Piper: an endearing short on the ability to overcome
There are many media outlets that, in the summer of 2016, echoed "Piper", a story that illustrates the life of a breeding of sandpipers (a kind of common bird in humid areas) that ventures for the first time to look for food.
This work directed by Alan Barillaro has been considered by critics as one of the best short films of Disney Pixar.
Today, the team of the Institute of Psychological and Psychiatric Assistance Mensalus presents the award-winning work and share with us an interesting reflection about this work.
A short film that teaches us to improve ourselves day by day
There are many innate abilities that are reflected in this story, is not it?
True. According to Alan Barillaro, "This is a story about how to grow from the hand of courage in a world that seems big and intimidating."
The story exposes the courage necessary to overcome the fear that awakens uncertainty. This is something that often repeats itself in our lives: not knowing makes us feel insecure. Of course, in the unknown, we always have two options: show curiosity to live it or fear it to avoid it.
The capacity for improvement tells us that, after living the experience, we gain something more precious (learning) than what we lose ("comfort"). In this way the goal makes sense. Likewise, fear warns us of what we should protect ourselves from. Well, this system is functional as long as it allows us to continue and does not hide us inside the nest.
The short is revealing given that it manages to convey a range of emotions that we have all felt at some point in our lives ...
So is. Specifically, the concept of "feeling small" is very well illustrated. The producer explains: "I love playing with something that people know, like a beach, and giving a new perspective on how a bird that is only four inches off the ground might feel." A great success, without a doubt. It is exactly like that, sometimes, we can feel ourselves in unknown situations of which we augur hostility, difficulty and suffering.
It is exciting when the protagonist decides to dive into the water and discovers, in addition to the richness of the seabed, the benefit generated by their ability to collect food. How can we understand this message?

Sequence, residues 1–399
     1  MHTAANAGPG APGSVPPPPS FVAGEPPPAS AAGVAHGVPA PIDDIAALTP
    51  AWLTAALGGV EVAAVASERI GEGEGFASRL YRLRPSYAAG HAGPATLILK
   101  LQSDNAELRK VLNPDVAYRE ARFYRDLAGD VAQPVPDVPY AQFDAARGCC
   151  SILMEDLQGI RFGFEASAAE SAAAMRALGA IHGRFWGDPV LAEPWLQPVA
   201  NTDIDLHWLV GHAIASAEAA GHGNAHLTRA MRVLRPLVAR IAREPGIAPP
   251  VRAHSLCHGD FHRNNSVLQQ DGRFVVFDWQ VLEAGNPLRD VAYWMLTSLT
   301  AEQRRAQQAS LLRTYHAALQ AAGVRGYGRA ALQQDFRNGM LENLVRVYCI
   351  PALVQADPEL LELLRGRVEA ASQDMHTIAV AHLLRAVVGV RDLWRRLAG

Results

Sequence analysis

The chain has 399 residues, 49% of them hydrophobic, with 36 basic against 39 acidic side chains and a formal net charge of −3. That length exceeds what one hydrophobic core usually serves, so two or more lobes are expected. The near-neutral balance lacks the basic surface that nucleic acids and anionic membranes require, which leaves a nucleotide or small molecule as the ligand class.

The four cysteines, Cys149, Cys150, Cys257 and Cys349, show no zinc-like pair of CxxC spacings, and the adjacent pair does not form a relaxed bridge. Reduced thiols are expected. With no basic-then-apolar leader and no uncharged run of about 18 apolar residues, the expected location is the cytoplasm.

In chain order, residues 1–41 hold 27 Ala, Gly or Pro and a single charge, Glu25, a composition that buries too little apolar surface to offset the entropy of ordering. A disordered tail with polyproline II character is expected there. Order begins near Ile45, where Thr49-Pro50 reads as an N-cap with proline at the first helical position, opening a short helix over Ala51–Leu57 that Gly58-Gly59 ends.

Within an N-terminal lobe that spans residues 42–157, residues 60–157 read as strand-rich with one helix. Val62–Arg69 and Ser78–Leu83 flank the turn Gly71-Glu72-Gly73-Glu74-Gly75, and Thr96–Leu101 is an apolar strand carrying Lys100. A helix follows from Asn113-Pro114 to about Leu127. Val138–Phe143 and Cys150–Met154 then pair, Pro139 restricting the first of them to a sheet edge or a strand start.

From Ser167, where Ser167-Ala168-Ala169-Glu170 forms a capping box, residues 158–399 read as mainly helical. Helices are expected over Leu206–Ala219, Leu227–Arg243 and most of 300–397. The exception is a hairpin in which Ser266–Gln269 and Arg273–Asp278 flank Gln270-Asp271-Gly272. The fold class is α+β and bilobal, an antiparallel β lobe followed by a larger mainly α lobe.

The bird, in addition to enjoying and feeling capable, connects with part of its identity associated with something that the rest of the birds of its species do.
This "doing as others" teaches him and reminds him who he is, forges the feeling of collective identity and, at the same time, reinforces the feeling of utility associated with the ability to get food and share it. All this "emotional pack" turns him into an autonomous being.
At the beginning we see how the mother exercises a very interesting function: accompany the child without solving the problem ...
Yes. This is another aspect of the short film: the space needed for growth. Without a doubt, it is not an easy position. Many parents can see their fears reflected in an idea: "If I leave you alone, will you learn?".
Piper's mother knows that her son needs to understand that food will not come to the nest, but that the only way to survive is by going for it. In fact, he does not leave him alone, he accompanies him from the example. The safety of the parents in this sense will facilitate or hinder the maturation process of the child. "Let fly" while remaining is the great recipe. A recipe that is not magic and, as all parents know, it is not an easy task
"To all the parents who, day after day, exercise the work of teaching and loving unconditionally".
Source of the short and the voice of the creator: www.usatoday.com